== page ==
When Malik Ambar came to power at Ahmednagar around 1610, Daler’s elder son ( the architect) had sent for Sheru and got him married. (Both Jahangir and Shah Jahan, father and son, had also married around the same time, Jahangir in 1611 and Shah Jahan in 1612.)

Sher Khan had a large number of children by several wives. Three of them were officers in the Mughal administration. Chatar Mal (1620-1698) was Aurangzeb’s Director of Intelligence during the years of fighting in the South.. Chatar Mal’s son, Bhola Nath, held a similar post under two kings. Bhukan Mal (1630-1699) was a senior bureaucrat.[12]

One of Sher Khan’s Muslim sons was Sarfraz who was a Naib-Bakhshi (or Disbursing officer in modern parlance). in 1638 (most probably). He was with prince Murad  when they captured Balkh and Badakhshan in 1646. Murad became homesick and came away - only to be publicly scolded by Shah Jahan. In his place Aurangzeb was deputed; he had to return defeated by the Begs just north of the Hindukush.

Sarfraz was killed in the next attempt on Qandhar which was made by Dara Shikoh (“Shah Buland Iqbal”) in 1653[13] at a cost of Rs. Three Crores.[14]


In September 1657, Shah Jahan fell ill. His sons (Dara 43, Shujah 41, Aurangzeb 39 and Murad 33) made it an occasion to fight among themselves for supremacy. Their sisters Jahanara (who sided with Dara) and Roshanara (Aurangzeb’s supporter) watched  with horror as the tragedy unfolded.

The story of Sheru’s escape to Kiratpur after the defeat/death of Dara has been told elsewhere.

After the death of  Aurangzeb, Bhola Nath Hidayetkesh ( son of Chatar Mal; both of the Mughal intelligence branch) seriously considered turning a Christian, just as his father had turned a Muslim some decades earlier, and his grandfather a Sikh or Hindu half-a-century earlier.[15]

Bhola Nath had been in liaison with a woman named Juliana or Julaina whom Aurangzeb had granted a piece of land near Okhla[16] in outer Delhi; she donated it to her Christian co-religionists to secure absolution for some sin. Her  padre built a church there for his flock and named the locality as Masihgarh (as it is still called in the Survey of India maps).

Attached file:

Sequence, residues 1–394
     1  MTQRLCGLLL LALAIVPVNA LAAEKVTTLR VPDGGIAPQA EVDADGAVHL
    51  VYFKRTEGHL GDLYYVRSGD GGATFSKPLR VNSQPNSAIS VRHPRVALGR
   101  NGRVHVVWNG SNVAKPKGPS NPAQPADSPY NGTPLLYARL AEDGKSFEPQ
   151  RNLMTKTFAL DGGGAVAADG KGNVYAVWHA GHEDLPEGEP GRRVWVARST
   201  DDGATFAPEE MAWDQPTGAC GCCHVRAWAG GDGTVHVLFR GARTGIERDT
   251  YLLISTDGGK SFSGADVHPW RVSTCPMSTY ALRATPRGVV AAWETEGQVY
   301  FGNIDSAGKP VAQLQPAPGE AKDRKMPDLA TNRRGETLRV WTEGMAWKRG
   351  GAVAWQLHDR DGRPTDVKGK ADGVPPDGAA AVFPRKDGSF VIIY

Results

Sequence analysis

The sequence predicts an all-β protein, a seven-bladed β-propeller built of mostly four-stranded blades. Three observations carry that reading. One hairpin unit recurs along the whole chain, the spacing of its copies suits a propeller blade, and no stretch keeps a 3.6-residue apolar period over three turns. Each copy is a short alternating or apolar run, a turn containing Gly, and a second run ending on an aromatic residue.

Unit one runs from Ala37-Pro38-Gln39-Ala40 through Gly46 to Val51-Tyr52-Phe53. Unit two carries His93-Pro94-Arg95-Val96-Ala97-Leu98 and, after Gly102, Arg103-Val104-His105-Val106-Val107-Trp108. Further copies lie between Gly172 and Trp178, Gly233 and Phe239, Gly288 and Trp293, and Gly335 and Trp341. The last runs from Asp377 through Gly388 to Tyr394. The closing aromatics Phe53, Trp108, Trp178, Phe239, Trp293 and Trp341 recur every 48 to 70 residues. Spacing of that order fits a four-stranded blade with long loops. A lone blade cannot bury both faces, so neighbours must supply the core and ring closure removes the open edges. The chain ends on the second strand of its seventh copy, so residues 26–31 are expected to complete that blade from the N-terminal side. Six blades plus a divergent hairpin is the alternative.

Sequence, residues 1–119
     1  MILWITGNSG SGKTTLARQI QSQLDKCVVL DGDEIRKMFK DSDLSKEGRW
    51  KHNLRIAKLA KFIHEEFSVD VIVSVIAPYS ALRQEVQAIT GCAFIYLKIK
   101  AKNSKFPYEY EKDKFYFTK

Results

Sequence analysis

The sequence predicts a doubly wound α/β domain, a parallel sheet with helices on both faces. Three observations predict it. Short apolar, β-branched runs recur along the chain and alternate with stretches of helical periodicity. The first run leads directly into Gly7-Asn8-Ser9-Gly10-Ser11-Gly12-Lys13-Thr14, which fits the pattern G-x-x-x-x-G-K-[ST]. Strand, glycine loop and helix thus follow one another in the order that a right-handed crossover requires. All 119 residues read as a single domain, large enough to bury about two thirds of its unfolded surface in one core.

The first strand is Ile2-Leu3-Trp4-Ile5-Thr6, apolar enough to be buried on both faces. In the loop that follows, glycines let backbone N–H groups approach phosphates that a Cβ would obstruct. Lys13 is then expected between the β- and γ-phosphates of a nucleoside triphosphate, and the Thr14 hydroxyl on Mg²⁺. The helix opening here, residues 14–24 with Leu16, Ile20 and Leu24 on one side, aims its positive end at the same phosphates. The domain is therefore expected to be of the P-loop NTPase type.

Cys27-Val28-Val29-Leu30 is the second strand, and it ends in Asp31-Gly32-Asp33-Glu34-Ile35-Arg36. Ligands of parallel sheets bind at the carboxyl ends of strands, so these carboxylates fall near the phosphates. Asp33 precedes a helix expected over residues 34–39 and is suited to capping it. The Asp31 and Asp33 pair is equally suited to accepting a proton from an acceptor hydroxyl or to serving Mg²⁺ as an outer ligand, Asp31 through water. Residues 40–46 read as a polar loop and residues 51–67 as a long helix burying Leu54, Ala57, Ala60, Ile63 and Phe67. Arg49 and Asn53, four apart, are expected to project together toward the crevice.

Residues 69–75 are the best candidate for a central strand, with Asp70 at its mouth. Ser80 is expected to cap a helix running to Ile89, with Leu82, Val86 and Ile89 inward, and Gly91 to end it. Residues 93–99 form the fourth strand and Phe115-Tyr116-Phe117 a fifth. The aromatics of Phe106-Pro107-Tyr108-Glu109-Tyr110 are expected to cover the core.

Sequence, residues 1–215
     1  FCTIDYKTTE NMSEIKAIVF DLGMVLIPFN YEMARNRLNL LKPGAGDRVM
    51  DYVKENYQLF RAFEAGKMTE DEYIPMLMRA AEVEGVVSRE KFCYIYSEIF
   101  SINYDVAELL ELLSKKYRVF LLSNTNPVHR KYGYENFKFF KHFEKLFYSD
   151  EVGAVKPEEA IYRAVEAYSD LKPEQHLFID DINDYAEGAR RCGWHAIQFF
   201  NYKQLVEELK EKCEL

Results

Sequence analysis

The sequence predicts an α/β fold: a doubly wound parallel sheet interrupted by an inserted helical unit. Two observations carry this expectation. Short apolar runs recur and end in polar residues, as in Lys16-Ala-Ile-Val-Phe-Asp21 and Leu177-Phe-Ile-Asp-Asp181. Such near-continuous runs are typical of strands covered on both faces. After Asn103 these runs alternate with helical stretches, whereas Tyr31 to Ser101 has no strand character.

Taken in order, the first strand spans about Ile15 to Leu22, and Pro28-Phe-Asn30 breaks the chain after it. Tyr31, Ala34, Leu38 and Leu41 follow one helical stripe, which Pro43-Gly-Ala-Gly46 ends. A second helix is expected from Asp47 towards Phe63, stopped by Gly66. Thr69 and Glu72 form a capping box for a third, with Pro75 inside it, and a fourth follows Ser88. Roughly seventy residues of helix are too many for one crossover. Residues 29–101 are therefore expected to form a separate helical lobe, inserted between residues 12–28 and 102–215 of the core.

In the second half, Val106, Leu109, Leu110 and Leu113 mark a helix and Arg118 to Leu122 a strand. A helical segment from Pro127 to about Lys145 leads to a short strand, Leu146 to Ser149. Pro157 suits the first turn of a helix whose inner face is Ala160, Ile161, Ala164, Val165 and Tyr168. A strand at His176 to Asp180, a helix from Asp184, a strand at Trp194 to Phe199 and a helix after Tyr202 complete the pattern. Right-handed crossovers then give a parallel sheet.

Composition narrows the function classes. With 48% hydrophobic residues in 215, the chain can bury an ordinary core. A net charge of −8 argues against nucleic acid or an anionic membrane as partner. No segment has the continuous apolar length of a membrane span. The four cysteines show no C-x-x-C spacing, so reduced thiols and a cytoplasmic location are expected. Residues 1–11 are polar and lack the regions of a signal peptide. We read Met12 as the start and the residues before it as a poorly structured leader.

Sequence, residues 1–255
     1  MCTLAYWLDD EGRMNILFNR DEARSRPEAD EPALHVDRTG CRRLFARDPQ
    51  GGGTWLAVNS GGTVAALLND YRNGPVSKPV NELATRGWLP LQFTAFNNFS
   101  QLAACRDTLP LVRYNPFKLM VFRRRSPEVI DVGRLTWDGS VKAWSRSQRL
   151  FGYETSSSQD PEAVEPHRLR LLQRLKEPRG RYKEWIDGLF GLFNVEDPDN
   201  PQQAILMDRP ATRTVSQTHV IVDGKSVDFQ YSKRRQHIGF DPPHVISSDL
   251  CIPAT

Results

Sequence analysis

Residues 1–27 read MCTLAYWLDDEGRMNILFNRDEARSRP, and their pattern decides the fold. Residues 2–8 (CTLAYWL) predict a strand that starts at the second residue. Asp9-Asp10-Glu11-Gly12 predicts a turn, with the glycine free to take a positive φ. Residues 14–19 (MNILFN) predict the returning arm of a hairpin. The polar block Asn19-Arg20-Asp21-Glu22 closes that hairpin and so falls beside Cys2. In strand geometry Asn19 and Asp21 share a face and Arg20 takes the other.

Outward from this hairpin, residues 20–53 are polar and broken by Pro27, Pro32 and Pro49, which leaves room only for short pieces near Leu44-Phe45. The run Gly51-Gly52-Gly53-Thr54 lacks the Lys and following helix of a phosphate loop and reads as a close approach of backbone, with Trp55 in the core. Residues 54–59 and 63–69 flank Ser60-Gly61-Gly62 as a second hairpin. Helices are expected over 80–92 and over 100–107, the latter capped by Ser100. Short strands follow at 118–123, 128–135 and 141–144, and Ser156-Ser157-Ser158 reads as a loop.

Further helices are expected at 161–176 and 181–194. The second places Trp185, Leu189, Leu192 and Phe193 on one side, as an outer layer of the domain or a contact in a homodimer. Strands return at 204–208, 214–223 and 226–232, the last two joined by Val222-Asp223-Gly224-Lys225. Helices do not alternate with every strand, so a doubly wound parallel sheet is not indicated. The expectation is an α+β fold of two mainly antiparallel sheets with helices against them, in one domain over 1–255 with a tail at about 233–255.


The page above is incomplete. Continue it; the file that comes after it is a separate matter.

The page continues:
This action started Bhola Nath’s alienation from his Mughal patrons; he became embroiled in a factional intrigue and was eventually executed. It will be remembered that Bhola Nath’s uncle Dilawar had been living in the Lashkar colony (later called Urdu Bazar) when he was fighting under a Sikh Guru (see previous chapter). This was near Okhla and Qila Tughlaqabad.[17] When he died, his family were shifted to the upcoming town of Faridabad, further south-west.[18]


Sher Mal was by no means an innovator when he (a South-Indian born Muslim) retreated into the Kangra hills, leading to the Nurpur branch of the SURI clan.[19]India’s oldest historical chronicle, RAJATARANGINI, tells us that (a few generations after the Mahabharat war) Arjun’s grandson Parikshit had a  son called Janmejaya. Janamejaya’s brother Haran Dev challenged sovereignty over Hastinapur; the latter was defeated and fled to Chamba.[20]

Kashmir was then ruled by an infant (Gonanda II, son of Damodar & Queen Yashovati; Damodar himself was the son of Gonanda I, a relation of Jarasandha) who was left out of the Mahabharat carnage because of his tender age.

Haran Dev eventually become the child Gonand’s Prime Minister. He and his generals staged a coup, killed the child and founded the Pandav dynasty’s rule in Kashmir. Haran ruled for 30 years.


Sher Mal and his son Ram Dass were in Dara Shikoh’s camp when the Prince was being hounded to his death by his younger brother Aurangzeb who had imprisoned their own father Shah Jahan in the Red Fort at Agra, across the Jamuna from the Taj Mahal.

Sher Mal escaped to Kiratpur across the river Satluj after the Battle of Ropar.  His son, an active soldier, went underground and surfaced in the entourage of Raja Jai Singh several years later.

Sher Mal (aged about 65) accepted as his guru the youthful Har Rae (aged about 30) who had just returned to Kiratpur after about 12 years at Nahan because (i) the Mughals were invading Kahlur, (ii) his elder brother Dhir Mal had set himself up as the 7th Guru at Kartarpur and (iii) Pirthi Mal’s son Meherban had taken over Harmander Saheb (he too claimed to be the 7th Guru.

Only Guru Nanak’s son Sri Chand had accepted Hargobind’s pontificate in 1628-29 and asked his Udasin followers to act as Sikh missionaries - shortly before his own death.